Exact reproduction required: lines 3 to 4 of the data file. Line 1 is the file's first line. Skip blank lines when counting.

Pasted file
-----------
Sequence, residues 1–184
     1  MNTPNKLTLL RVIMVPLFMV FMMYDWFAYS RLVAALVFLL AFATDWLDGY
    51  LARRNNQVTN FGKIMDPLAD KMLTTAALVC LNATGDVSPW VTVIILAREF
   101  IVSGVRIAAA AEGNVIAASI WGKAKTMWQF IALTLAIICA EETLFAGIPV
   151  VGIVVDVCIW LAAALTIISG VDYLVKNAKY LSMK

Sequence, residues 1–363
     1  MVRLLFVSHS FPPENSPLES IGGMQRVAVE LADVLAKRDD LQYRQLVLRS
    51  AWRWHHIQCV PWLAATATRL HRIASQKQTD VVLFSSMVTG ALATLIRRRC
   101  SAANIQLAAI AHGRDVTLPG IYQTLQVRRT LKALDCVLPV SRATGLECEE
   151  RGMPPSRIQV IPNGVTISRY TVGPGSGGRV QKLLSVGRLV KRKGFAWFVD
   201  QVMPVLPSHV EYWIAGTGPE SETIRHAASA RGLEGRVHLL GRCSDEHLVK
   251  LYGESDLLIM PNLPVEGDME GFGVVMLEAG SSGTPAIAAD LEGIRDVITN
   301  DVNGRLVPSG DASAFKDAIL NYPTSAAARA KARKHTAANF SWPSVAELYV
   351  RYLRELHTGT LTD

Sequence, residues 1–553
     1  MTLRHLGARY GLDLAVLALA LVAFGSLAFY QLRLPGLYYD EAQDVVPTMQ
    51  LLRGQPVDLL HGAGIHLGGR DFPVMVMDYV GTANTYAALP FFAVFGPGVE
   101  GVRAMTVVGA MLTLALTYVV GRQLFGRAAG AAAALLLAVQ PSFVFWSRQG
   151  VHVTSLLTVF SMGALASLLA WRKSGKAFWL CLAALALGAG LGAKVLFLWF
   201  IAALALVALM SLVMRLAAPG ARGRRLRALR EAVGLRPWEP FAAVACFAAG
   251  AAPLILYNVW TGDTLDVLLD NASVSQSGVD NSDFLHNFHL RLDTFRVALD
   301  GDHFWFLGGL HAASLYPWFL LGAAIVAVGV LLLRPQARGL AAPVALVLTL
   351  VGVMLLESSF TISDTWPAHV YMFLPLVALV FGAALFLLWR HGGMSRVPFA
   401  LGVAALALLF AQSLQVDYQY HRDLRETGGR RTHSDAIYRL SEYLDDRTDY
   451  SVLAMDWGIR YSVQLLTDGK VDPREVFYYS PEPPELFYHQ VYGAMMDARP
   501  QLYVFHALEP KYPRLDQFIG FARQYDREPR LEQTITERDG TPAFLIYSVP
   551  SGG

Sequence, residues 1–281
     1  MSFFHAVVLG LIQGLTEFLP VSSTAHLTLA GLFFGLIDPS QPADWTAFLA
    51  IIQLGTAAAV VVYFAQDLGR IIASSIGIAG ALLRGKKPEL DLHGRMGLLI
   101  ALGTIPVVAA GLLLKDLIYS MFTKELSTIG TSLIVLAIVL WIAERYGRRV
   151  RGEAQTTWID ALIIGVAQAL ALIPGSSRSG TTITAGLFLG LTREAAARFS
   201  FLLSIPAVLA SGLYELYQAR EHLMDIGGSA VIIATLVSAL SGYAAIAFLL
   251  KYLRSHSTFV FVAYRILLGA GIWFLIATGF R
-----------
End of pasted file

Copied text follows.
    51  LARRNNQVTN FGKIMDPLAD KMLTTAALVC LNATGDVSPW VTVIILAREF
   101  IVSGVRIAAA AEGNVIAASI WGKAKTMWQF IALTLAIICA EETLFAGIPV